Tuesday, May 30, 2006

Simple logic

Nick, Sean and Rhonda went shopping together for music on Saturday and Sunday. The CDs they purchased are either jazz or rock. When they visit the store, each person will purchase one (and one only) CD.

1) Either Sean or Rhonda will pick rock, but not both of them.
2) If Sean picks rock, Nick picks jazz
3) Nick and Rhonda do not pick jazz.

Which one of the three purchased a jazz CD on Saturday and a rock CD on Sunday?

Monday, May 29, 2006

Who won?

8 friends decided to play in a pool tournament. They played a single elimination tournament, with three rounds (the first round, second round, and finals). Using the clues below can you determine who beat whom in each round?

Boys: Jack, Jamie, Jim, Roger, Tommy

Girls: Jessica, Renee, Tina

Clues:

1. No one ever played against someone else with the same first name initial.

2. The four people who advanced to the second round were Renee, the person who beat Tina in the first round, the loser of the final match, and the man who played Jessica in the first round.

3. 3 games of the first round, and 1 game of the second round were played by two people of the opposite sex.

4. Jack only played against a man one time in the tournament, and Roger played against a man in every round he played in.

5. Renee played against Jack at some point in the tournament.

6. The two people who played in the final round were the winner, and the man who beat Tommy in the 2nd round.

7. Jim always played against a man in the tournament.

8. Jessica did not play against the eventual champion.

Friday, May 26, 2006

Squared

Imagine, if you would, that you have 16 toothpicks and you arrange them as shown in the picture below. Moving only one toothpick can you turn the five squares into six?



BTW, Do you know of any good brain teasers, riddles, puzzles, etc.. that I could put up here? I have over 250 'questions' here so far and I would love it if you could contribute some of your own.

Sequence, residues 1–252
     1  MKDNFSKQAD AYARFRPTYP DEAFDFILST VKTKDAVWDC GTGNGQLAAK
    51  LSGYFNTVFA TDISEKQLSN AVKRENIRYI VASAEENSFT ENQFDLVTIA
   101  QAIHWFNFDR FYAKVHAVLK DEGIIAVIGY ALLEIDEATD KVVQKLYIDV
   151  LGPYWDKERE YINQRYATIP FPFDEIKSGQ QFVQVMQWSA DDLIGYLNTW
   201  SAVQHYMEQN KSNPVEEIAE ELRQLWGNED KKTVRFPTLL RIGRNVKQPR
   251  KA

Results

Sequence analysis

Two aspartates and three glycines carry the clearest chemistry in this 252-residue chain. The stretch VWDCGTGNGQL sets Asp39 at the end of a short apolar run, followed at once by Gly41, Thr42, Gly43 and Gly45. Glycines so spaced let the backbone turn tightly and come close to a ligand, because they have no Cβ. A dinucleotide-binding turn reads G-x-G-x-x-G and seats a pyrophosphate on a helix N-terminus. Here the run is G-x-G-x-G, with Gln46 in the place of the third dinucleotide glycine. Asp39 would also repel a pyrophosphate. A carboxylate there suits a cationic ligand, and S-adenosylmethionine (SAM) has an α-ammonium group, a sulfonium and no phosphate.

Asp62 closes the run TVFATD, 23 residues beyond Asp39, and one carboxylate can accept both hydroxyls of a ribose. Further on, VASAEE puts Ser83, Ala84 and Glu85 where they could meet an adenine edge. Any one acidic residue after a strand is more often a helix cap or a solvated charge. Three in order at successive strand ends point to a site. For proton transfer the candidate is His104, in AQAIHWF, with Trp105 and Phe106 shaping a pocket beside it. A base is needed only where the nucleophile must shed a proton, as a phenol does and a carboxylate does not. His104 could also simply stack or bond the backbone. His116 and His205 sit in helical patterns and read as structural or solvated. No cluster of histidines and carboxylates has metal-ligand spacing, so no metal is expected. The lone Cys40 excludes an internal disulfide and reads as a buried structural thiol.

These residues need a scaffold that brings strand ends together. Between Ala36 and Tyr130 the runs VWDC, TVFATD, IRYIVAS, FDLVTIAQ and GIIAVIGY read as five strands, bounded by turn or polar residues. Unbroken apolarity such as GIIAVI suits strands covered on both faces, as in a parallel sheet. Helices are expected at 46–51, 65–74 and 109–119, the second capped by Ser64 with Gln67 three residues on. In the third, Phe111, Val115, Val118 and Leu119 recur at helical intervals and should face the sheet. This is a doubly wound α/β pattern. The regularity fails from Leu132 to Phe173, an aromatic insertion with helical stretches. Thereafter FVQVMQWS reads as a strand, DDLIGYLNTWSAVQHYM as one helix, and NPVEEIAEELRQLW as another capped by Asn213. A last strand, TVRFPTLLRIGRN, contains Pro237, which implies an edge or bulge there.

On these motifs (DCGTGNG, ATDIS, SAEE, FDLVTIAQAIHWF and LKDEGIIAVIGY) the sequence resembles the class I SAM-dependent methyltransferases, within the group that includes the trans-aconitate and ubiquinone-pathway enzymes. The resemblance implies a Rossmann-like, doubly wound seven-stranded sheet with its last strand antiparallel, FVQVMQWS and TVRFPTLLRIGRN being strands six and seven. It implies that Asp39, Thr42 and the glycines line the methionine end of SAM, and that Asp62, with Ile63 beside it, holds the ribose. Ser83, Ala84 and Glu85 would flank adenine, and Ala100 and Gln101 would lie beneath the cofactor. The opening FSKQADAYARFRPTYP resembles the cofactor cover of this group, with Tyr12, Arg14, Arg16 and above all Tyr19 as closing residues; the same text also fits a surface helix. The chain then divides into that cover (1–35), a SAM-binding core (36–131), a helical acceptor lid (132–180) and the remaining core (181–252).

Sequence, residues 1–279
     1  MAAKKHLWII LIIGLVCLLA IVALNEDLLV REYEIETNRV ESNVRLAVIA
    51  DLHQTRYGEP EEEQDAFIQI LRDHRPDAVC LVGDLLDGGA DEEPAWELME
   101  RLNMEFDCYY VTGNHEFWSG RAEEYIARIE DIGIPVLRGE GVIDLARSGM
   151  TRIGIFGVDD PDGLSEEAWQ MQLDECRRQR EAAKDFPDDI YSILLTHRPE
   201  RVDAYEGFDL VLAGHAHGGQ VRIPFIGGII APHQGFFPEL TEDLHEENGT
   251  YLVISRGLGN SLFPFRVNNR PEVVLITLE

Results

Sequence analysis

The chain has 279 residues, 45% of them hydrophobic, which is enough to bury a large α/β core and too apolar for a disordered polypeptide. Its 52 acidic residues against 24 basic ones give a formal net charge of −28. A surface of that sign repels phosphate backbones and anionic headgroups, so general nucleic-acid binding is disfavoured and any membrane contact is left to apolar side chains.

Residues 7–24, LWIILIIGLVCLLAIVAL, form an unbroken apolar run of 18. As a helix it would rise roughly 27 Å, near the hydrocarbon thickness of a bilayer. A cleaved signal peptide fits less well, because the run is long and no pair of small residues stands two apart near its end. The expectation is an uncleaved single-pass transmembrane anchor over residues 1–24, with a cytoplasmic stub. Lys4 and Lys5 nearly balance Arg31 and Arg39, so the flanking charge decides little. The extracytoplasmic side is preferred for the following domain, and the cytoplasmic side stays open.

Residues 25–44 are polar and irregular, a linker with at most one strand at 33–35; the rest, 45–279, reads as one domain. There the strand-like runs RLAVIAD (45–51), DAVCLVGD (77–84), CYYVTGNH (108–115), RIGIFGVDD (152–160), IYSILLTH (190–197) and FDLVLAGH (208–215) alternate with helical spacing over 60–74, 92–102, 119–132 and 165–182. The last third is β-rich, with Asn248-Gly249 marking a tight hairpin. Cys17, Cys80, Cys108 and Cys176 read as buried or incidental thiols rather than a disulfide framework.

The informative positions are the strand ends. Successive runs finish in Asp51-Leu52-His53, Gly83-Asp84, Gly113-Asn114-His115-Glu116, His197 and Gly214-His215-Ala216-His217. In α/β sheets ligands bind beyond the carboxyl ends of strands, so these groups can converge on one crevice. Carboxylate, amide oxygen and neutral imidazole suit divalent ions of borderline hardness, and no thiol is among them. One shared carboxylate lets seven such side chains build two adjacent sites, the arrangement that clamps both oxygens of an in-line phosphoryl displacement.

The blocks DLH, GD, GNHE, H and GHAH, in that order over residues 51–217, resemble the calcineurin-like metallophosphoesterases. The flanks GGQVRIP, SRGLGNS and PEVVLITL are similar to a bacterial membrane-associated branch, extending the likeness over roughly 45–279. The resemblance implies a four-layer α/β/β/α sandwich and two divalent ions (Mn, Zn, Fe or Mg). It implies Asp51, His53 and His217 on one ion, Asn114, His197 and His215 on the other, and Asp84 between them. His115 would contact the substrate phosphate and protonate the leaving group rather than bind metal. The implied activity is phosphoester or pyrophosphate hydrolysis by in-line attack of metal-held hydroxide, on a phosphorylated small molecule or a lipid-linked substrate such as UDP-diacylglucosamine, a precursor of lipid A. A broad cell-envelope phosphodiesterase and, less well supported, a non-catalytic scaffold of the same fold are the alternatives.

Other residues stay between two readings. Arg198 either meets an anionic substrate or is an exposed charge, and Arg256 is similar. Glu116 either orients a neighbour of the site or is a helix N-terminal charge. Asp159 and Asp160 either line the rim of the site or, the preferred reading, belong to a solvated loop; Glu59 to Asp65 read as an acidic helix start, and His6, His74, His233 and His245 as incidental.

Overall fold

Thursday, May 25, 2006

Going to the Orchard

The local orchard has a strange pricing structure. Each bag holds seven apples for which they charge five cents. If you want an eighth apple, you get charged 15 cents. So, if you want to buy 23 apples, you would have to pay 15 cents for three bags and 30 cents for the remaining two for a total of 45 cents.

My question is which costs more: 10 apples, 30 apples or 50 apples?

There's no real puzzle or hard math here, but the answer may surprise you.

Wednesday, May 24, 2006

Move me

A sundial is a timepiece that has the fewest number of moving parts. Which timepiece has the most moving parts?

Tuesday, May 23, 2006

What's missing?

PALOO
YDESDA
DENBU
PPIZZ
ZEWALS

Two letters at the front, two at the end. Can you figure out these words? There is a theme, here, so if you get one, it may make the rest easier.

Monday, May 22, 2006

Full House in Yahtzee

The game of Yahtzee is played with five dice. On the first turn, a player rolls all five dice, and then may decide to put aside any of the dice before rolling again. Each player has a maximum of three rolls to try to get a favorable combination of dice.

If a player rolls two 2s and two 4s on his/her first roll, and keeps all four of these dice aside, what is the probability of getting a full house in one of his/her next two rolls? In other words, what is the probability of getting either a 2 or a 4 in one of the next two rolls?



I haven't done a good stats problem in a while....

Friday, May 19, 2006

Spoonerism

A spoonerism is a pair of words that can have their initial sounds switched to form new words. The pairs need only sound the same, not necessarily be spelled the same (power saw & sour paw, horse cart & coarse heart). There may sometimes be one or two connecting words (kick the stone & stick the cone, king of the rats & ring of the cats). Given the following definitions, what are the spoonerisms?

1) spoiled Neanderthal child & courageous cougar
2) child of a sorceress & liquid in a trench
3) milk and cheese & fops who are imaginary beings with magical powers
4) fondle feathers & Amsterdam

Thursday, May 18, 2006

Wednesday, May 17, 2006

letter me

My first three letters are a term for golf,
While my second, third, and fourth are drawings.
My first four are less than a whole,
And all of me is a celebration.

What am I?

Tuesday, May 16, 2006

Are you a cat person?

Scientists have proven that cats have more hair on one side then their other side. Some people believe that this is because when cats lay on their side they need insulation from the cold on the floor or ground. Which side of a cat has more hair?

Monday, May 15, 2006

A horse with no name

A horse travels the same distance every day.